Hiragana and katakana

The first step I took to learn Japanese was to memorize hiragana and katakana, what are known as the “50 sounds” of Japanese. Both have the same pronunciation, but katakana is used to sound out foreign words. I wanted to focus on learning hiragana without relying on the words and sounds of another language. I think I managed to work this out by using YouTube and a few other tools.

First, this YouTube video sings the sounds and shows the words:

I looked on the web for Japanese websites for children and found some worksheets at kids@nifty.com. There are worksheets for hiragana and katakana.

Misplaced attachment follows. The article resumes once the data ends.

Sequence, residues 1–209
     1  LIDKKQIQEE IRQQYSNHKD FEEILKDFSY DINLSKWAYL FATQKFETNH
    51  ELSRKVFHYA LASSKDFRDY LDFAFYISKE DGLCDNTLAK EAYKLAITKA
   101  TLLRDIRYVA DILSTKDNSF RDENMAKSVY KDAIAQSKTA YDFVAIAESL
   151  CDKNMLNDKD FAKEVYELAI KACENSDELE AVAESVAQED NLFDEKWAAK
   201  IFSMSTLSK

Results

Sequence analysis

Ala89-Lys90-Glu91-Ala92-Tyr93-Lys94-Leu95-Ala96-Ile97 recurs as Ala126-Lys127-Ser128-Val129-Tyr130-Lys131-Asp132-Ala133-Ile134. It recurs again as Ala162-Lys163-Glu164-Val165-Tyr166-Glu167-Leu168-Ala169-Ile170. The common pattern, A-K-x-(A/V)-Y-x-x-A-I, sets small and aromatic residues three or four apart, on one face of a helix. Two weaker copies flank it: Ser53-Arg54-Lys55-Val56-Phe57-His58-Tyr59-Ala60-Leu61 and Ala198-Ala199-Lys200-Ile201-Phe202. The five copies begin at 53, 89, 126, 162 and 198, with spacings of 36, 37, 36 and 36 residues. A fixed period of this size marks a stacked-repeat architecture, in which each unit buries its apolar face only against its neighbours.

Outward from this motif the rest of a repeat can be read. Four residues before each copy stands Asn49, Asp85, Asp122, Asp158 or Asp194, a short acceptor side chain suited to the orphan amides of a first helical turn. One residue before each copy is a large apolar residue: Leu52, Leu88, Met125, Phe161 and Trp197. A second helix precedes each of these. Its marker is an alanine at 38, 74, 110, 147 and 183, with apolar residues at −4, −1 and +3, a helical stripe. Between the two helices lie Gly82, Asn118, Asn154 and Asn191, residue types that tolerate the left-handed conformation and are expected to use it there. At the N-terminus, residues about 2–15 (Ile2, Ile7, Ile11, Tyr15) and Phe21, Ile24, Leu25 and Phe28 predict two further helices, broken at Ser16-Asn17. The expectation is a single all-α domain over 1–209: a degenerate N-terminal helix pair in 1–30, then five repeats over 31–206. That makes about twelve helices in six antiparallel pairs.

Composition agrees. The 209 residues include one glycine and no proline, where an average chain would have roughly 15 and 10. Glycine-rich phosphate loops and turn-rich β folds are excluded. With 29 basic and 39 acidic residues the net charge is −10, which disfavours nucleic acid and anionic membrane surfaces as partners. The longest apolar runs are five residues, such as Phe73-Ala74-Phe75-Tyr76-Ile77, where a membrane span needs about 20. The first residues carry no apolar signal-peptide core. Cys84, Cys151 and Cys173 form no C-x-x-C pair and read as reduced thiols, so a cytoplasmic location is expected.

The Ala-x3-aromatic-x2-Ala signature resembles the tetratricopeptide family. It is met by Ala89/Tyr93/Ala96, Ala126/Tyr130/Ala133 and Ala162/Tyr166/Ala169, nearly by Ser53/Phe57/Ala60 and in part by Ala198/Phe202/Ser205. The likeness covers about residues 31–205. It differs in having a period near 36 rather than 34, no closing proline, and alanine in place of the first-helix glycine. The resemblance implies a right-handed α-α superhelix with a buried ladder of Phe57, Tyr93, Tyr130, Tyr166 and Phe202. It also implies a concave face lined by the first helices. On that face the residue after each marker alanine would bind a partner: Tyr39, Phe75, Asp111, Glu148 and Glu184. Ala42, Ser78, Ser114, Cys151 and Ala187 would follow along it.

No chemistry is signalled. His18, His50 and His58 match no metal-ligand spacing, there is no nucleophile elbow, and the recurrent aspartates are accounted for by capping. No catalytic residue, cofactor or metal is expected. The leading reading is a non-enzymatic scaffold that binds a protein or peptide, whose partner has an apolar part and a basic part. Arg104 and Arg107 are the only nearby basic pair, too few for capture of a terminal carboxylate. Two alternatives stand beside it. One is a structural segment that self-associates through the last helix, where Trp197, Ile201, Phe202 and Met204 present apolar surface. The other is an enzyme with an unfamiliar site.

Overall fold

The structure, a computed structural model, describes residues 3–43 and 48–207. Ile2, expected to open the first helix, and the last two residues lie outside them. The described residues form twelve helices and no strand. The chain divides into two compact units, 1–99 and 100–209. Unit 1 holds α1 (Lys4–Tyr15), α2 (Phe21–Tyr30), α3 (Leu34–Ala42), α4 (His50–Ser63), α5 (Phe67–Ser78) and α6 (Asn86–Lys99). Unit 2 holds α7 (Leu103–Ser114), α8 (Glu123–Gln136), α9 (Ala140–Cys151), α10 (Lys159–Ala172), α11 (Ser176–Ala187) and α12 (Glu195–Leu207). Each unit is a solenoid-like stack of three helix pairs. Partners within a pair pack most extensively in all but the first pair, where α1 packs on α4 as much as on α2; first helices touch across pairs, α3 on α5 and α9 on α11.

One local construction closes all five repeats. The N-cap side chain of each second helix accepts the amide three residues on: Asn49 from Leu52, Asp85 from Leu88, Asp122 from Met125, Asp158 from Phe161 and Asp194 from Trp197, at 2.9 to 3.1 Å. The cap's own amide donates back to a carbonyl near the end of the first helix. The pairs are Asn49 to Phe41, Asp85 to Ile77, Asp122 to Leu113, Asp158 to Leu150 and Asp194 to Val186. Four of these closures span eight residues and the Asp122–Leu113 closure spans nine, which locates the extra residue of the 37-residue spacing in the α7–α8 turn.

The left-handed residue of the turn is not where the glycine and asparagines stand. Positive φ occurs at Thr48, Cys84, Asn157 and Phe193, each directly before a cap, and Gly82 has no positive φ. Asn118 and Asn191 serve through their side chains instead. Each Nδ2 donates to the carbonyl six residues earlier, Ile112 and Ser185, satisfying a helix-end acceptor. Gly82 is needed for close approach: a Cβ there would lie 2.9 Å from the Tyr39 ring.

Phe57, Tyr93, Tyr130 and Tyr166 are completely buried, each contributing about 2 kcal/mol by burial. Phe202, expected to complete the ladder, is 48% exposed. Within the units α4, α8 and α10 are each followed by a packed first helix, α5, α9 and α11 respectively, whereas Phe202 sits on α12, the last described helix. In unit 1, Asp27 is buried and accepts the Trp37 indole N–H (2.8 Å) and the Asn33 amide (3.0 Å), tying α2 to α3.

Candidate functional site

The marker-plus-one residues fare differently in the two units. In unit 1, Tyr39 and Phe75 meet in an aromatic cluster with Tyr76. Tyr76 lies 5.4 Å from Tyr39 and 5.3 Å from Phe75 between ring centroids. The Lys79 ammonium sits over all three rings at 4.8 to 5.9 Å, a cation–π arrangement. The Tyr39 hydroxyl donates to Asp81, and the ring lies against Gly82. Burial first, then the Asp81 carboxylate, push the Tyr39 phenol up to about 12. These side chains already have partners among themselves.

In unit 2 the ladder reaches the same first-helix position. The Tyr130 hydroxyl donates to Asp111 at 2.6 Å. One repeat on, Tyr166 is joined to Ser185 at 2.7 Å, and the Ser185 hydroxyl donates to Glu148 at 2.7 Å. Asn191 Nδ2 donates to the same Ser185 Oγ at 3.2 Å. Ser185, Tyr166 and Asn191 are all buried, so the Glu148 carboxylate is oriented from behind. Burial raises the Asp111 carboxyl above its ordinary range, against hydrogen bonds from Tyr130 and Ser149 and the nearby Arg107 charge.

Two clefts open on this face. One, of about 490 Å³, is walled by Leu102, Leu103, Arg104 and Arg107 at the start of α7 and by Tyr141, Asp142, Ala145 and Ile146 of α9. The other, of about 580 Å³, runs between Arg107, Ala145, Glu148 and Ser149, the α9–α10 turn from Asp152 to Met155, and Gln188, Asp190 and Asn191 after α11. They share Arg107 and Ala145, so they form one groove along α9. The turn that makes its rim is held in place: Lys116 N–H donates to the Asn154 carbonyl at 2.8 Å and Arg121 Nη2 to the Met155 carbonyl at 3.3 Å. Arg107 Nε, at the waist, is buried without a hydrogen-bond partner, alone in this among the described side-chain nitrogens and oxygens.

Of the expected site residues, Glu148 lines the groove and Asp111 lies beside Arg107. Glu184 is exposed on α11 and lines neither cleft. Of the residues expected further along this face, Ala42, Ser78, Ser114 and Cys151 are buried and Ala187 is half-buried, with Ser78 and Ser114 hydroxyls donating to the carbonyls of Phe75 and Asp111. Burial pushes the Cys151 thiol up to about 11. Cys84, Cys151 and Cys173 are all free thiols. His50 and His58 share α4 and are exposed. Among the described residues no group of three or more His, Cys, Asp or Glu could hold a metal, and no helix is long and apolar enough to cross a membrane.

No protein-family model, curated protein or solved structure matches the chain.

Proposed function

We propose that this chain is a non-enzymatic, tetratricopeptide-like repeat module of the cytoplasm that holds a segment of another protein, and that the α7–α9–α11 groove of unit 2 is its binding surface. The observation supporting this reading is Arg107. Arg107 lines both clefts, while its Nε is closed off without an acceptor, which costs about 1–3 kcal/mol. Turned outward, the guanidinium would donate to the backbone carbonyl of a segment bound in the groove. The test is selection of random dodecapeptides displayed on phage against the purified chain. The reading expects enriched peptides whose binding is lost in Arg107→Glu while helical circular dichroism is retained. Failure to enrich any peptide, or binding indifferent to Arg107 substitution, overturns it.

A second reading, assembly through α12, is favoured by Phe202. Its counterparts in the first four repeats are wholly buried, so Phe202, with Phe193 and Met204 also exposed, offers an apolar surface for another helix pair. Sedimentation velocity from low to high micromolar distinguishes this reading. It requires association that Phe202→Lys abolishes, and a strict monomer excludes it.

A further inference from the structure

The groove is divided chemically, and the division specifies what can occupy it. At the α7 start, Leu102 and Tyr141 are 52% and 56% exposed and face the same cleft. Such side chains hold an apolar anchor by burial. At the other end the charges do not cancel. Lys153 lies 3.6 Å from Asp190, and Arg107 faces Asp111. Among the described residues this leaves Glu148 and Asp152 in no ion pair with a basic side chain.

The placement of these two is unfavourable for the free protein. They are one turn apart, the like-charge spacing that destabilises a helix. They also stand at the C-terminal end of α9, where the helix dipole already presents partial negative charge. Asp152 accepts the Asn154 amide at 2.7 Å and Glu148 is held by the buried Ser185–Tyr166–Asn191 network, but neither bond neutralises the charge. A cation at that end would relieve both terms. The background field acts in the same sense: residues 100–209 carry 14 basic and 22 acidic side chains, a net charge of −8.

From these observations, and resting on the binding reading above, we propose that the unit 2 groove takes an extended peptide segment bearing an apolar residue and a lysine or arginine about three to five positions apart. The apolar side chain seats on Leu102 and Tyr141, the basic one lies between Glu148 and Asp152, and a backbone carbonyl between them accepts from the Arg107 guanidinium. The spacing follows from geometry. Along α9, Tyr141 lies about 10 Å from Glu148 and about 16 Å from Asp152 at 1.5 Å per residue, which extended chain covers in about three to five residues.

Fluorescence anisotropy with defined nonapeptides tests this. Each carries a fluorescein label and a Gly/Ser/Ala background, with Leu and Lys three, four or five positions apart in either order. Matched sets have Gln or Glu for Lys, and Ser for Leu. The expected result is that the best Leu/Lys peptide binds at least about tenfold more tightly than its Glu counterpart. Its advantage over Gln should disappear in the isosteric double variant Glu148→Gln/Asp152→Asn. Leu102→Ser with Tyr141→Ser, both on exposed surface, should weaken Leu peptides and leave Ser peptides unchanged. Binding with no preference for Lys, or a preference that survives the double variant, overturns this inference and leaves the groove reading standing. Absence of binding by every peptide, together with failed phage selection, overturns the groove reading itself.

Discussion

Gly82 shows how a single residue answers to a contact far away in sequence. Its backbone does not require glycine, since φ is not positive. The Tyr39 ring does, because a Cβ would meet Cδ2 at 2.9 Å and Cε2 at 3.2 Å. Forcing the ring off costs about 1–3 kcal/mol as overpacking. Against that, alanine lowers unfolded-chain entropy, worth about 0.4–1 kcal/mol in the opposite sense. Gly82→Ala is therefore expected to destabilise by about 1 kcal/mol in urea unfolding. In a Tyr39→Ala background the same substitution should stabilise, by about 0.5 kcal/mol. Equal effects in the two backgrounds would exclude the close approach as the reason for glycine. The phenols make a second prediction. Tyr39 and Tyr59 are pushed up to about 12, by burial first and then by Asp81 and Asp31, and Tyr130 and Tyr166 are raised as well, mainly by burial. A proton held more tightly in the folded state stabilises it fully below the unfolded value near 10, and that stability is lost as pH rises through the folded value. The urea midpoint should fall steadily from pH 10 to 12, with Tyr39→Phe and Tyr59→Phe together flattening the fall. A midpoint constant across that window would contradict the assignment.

I think that starting to memorize hiragana and katakana can be intimidating. There are many different symbols to memorize. It was difficult in the beginning to decide the best way to break down the number of characters to memorize at once. Then there are different methods of memorization, such as flashcards or mnemonics. I found some helpful tools through MIT’s OpenCourseWare website. The hiragana study material breaks down the basics of hiragana into exactly seven days. The katakana study material is broken down into six days. I really like the materials because it includes listening exercises. It definitely worked for me. Give it a try if you’d like to learn hiragana and katakana!


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